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Thursday, April 15, 2010

Not an Onion story

Here is another story that sounds as if it comes from The Onion. Apparently, Secretary of Transportation LaHood thinks that the Department of Transportation should also be the Department of Walking and Biking.
LaHood says the government is going to give bicycling _ and walking, too _ the same importance as automobiles in transportation planning and the selection of projects for federal money. The former Republican congressman quietly announced the "sea change" in transportation policy last month.

"This is the end of favoring motorized transportation at the expense of non-motorized," he wrote in his government blog.
So why should the federal government be responsible for projects for bicycles and walking? When did that become one of the federal government's responsibilities?

Well, it's all about the environment, of course.
The new policy is an extension of the Obama administration's livability initiative, which regards the creation of alternatives to driving _ buses, streetcars, trolleys and trains, as well as biking and walking _ as central to solving the nation's transportation woes.

LaHood's blog was accompanied by a DOT policy statement urging states and transportation agencies to treat "walking and bicycling as equals with other transportation modes." It recommends, among other things, including biking and walking lanes on bridges and clearing snow from bike paths.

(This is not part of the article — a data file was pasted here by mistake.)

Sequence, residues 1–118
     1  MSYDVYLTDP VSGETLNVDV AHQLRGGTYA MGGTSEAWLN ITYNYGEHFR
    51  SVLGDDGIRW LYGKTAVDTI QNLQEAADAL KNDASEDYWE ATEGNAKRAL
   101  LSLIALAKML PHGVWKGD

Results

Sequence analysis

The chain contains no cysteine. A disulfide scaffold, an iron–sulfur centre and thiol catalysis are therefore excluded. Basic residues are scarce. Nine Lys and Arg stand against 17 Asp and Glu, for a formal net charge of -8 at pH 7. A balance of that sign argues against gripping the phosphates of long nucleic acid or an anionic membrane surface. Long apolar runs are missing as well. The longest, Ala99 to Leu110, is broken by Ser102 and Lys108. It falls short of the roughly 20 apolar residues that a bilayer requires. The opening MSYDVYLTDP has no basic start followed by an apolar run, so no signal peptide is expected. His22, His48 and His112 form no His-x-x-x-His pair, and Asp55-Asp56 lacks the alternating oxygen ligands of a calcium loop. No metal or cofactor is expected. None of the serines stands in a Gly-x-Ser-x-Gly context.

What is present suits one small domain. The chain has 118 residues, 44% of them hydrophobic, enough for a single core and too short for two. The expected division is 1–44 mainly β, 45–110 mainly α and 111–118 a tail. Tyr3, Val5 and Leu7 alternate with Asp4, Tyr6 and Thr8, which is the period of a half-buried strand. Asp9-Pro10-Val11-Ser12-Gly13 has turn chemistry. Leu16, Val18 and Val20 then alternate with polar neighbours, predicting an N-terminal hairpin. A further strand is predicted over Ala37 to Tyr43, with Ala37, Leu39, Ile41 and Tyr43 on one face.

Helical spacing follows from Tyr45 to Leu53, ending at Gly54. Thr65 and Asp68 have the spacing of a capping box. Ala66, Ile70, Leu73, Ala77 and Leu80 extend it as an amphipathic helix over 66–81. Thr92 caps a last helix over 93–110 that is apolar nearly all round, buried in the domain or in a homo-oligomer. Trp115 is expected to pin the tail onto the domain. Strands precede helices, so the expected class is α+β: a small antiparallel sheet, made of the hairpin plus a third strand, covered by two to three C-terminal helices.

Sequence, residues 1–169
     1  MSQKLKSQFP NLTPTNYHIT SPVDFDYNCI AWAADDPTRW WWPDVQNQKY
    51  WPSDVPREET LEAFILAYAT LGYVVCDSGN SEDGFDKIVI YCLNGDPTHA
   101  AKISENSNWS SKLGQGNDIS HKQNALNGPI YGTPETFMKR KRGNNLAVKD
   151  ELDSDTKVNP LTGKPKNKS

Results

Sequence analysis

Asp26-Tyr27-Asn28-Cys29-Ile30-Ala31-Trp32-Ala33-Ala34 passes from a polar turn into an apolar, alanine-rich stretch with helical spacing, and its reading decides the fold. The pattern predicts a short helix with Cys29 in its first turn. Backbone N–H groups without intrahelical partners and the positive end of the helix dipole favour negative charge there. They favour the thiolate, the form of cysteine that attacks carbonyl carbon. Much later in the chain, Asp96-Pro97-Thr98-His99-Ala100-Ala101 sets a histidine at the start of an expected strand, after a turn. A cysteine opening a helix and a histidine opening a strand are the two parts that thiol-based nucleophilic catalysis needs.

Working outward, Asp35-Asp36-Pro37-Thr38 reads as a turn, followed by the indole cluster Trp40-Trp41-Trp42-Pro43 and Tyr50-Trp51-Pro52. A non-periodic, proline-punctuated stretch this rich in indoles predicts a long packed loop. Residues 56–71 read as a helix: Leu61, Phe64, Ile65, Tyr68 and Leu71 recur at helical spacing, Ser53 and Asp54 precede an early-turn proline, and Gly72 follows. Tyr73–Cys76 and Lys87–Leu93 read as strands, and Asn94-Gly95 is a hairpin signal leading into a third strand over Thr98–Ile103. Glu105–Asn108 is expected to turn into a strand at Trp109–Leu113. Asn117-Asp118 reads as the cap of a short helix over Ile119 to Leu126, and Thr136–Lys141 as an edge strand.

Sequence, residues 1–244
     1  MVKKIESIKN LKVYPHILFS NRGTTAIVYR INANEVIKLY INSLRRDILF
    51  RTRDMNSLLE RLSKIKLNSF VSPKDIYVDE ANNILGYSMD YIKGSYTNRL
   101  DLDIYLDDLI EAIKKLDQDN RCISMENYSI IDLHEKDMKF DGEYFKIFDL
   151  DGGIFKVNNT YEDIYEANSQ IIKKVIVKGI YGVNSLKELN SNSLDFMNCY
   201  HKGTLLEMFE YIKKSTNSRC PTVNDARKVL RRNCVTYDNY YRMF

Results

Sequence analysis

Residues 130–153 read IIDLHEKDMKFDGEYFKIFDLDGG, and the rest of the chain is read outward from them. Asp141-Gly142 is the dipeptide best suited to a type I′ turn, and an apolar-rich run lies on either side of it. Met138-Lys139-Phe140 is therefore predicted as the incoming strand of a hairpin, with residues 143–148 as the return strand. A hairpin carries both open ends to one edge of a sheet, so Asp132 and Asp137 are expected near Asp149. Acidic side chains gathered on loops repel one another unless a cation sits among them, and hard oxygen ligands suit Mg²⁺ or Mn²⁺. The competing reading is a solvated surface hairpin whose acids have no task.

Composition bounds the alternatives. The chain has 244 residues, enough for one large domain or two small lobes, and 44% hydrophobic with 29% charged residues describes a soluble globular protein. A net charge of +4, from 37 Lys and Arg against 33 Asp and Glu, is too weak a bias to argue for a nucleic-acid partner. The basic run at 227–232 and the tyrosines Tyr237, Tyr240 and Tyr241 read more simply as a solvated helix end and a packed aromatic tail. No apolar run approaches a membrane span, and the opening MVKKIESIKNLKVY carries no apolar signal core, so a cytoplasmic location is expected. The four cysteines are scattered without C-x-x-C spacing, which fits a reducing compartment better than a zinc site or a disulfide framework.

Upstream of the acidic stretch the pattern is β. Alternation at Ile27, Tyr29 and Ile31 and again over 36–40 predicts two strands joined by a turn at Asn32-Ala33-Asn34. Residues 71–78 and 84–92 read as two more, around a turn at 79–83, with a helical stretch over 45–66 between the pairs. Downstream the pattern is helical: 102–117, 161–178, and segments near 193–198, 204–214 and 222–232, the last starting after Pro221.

Cyclists around the country are pumped about this. And congressmen who like bringing back pork barrel spending to their districts will like bragging about the bike paths they got the federal taxpayers to fund. But the idea that biking and walking are modes of transportation that are the responsibilities of the federal government is just ludicrous.
The new policy is not a regulation and, therefore, not mandatory, Transportation undersecretary for policy Roy Kienitz responded to LaTourette.

But it's LaHood's view "that the federal government should not take the position that roads and trains are real transportation and walking and biking is not," Kienitz said. "His view is it's all real transportation, and we should consider it based on what benefits it can bring for the amount of money we spend."
LaHood likes to bike in his spare time. Fine. But he should get clear on what the true duties of the Department of Transportation are. Using money that comes from a tax on gasoline to pay for bike paths is not an appropriate expenditure of federal dollars. If a community wants that bike path, they can pay for it themselves. There is no interstate commerce involved and so the federal government should stay out of it. I know that recently, there was a federally funded bike path in my community and that really irritated me. LaHood can talk all he wants about the benefits of cycling, but he should not be using his government position to stretch the Department of Transportation's responsibilities. And all those congressmen who are so proud of getting federal money for bike paths in their districts should just be ashamed of themselves.